Driven by Technology

- Dong Magsajo () - November 19, 2008 - 12:00am

It’s that time of year – local car manufacturers are gearing up for the last quarter push with PR-driven efforts meant to boost sales numbers before the calendar year ends. As such, we in the motoring media have been literally driven to the point of exhaustion. Not that we’re complaining mind you. It is within our job descriptions to bring you the latest motoring related happenings – and if that means literally driving insane lengths just to give you the news, then that’s what we’ll do.

Good thing the last few driving-related activities swelled with enough technological highlights to keep us glued to our car seats. It’d be a shame if we started to look at events with disdain by categorizing them as mundane (and ultimately, unoriginal).

Two very specific test drives within the month of October that this writer feels deserve special mention are the Ford Focus Media Drive and the Honda Jazz Media Testdrive. In my own personal and very humble opinion, the said events stood out because of two very specific technological advancements highlighted by the manufacturers during the said events – the double clutch automatic (for Ford) and the drive by wire (for Honda) systems.

Though both the double clutch automatic system and the drive by wire system aren’t really new technologies in the automotive world per se, the launch of the new Ford Focus and Honda Jazz represent the first time in which both technologies are introduced to very specific markets locally. Finally, once unreachable technologies are brought down to the level of us mere mortals – for some serious mass consumption. And quite frankly, despite the fact that we in the motoring media do get to drive more expensive cars blessed with such technology regularly, I wouldn’t have it any other way. A shared experience is always better than an exclusive one, after all.

What do these technologies bring to the table? Let’s explain each one in detail, shall we?

A double clutch automatic system is essentially two gearboxes with a pair of clutches between them, one for odd gears and another for even gears. The system’s computerized controller calculates the next likely gear change and shifts the “idle” transmission into that gear. The advantage of a double clutch automatic system lies in the speed of gear changes. It is significantly faster than a human and a traditional automatic transmission and thus aids in quicker up- and down-shifts. This consequently gives a car equipped with a double clutch automatic system the advantage of more power on demand and better, more instantaneous control. To make you see just how far down the road we’ve gone, you’ll be glad to know that the double clutch system is the same kind of technology that the new Porsche 911 is highlighting at the moment. Now imagine that kind of technology mated to a more politically correct 2.0-liter turbodiesel engine. That’s what you can get with a much more affordable and beautifully face-lifted new Ford Focus TDCi.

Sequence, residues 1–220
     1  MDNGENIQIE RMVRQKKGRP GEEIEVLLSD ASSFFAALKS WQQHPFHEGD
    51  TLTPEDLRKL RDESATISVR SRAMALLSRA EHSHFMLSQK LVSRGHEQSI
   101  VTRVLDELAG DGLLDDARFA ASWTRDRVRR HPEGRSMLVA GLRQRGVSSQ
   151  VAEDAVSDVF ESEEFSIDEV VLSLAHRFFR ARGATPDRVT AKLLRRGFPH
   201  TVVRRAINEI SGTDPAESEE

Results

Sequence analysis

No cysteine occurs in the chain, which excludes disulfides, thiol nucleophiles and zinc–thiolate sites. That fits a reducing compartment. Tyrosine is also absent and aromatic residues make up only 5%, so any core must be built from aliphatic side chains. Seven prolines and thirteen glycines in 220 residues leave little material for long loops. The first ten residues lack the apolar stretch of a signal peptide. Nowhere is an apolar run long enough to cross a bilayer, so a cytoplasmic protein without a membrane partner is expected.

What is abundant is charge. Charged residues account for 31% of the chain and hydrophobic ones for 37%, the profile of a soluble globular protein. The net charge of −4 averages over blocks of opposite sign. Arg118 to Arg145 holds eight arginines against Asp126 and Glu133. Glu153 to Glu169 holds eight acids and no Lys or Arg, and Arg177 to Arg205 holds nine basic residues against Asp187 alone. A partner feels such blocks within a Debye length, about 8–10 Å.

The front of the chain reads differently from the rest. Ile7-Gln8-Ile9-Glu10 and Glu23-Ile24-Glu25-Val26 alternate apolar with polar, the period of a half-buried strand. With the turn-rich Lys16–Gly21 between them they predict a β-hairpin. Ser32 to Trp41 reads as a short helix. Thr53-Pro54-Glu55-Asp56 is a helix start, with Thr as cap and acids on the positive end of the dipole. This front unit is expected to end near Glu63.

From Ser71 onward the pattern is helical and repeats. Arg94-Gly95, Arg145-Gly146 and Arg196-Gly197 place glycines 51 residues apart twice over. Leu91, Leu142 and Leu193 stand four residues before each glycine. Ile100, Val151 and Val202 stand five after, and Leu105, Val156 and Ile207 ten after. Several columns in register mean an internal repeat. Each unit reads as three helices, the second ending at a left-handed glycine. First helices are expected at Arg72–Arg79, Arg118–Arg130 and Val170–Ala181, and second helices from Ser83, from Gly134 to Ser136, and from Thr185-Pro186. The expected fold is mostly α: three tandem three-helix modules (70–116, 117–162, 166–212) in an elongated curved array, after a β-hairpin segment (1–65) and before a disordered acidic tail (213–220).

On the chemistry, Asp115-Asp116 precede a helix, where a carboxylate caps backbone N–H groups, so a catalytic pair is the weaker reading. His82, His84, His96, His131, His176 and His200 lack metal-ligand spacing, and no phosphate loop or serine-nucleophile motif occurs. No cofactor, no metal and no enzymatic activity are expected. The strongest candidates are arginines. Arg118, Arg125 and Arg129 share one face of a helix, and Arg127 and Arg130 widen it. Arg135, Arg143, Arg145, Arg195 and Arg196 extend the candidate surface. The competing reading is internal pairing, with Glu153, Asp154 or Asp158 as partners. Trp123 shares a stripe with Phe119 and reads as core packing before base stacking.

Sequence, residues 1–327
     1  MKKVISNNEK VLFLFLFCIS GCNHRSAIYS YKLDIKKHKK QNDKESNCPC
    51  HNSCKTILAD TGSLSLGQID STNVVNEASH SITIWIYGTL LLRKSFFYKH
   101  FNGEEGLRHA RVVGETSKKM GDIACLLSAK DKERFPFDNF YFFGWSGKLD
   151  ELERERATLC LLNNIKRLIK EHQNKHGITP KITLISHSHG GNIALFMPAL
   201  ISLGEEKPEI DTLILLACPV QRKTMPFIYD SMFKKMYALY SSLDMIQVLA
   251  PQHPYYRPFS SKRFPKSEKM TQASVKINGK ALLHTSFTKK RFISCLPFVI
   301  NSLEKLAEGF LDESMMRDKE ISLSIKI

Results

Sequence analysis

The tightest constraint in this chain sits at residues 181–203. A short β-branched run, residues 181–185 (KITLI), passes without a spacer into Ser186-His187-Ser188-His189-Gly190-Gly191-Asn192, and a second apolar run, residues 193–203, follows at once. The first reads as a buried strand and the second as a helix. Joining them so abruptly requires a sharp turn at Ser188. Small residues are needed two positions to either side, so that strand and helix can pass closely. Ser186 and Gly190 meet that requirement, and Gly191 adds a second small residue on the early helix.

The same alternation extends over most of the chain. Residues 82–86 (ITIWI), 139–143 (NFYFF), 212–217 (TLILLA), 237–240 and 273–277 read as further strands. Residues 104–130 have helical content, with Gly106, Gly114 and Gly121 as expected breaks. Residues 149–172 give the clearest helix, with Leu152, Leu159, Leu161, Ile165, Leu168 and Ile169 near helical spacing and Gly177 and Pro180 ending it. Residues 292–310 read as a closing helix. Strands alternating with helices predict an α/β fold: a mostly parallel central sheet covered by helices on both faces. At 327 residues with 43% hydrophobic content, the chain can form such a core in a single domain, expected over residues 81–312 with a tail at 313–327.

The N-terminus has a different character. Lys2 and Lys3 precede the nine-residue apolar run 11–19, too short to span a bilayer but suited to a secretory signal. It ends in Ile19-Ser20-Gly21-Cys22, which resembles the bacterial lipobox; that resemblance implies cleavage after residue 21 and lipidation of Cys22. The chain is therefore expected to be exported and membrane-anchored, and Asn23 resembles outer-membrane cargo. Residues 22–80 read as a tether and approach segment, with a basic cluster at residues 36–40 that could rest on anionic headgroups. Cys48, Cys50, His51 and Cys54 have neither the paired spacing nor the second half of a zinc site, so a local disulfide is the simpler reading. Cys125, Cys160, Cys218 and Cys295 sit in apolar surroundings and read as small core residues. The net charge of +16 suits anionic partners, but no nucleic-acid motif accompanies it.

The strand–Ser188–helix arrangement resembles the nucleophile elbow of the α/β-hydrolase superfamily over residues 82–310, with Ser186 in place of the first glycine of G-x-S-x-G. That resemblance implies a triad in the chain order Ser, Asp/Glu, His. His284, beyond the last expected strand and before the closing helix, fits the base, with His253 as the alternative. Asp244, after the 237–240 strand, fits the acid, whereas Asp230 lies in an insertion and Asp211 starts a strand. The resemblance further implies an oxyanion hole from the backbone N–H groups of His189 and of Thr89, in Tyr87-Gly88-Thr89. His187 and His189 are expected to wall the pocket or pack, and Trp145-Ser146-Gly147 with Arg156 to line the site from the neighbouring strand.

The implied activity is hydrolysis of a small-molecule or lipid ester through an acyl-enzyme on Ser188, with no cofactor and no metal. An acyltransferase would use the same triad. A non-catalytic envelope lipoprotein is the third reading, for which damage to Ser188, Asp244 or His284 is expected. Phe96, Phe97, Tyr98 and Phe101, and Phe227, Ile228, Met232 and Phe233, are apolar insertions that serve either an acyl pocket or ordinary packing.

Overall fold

The drive by wire system highlighted in the new Honda Jazz, meanwhile, can also be found in many European luxury makes (like BMW, for example). What it does is use electromechanical actuators and human-machine interfaces such as pedal and steering feel emulators to provide computer controlled intervention to vehicle control systems – in essence, giving the car equipped with it better response parameters. In the Jazz, drive by wire is used to optimize power and efficiency as it is applied to the car’s acceleration control. Real world driving conditions set in a course in Ilocos proved that the new Honda Jazz – partly because of the drive by wire system – can deliver in both the power and fuel efficiency departments. What it is, basically, is state of the art technology packaged in a hard to resist deal of an affordable car.

Though many will most probably argue that the changes in both Ford and Honda makes are mostly cosmetic in nature, the fact that the aforementioned technologies are now present in the upgraded models is quite significant. Slowly, the goodies found underneath the hoods of the cars being peddled at showrooms are beginning to become more and more relevant. Better power delivery, cleaner emissions – and perhaps more importantly better fuel economy – are being made standard through these technologies. In other words, the standards we are being subjected to are being improved. And this is significant both in the practical and financial sense.

The double clutch automatic transmission (or PowerShift, as Ford would like to call it) and the drive by wire systems are just two of many technological advancements that are slowly making their way into the mainstream automobile market. And it is technologies like these that’ll keep us gearheads working hard to get to that next level. As it is, we already can’t get enough of our cars. But at this rate, our wants and desires (not to mention our needs) will be driven even further by the technology made available to us.

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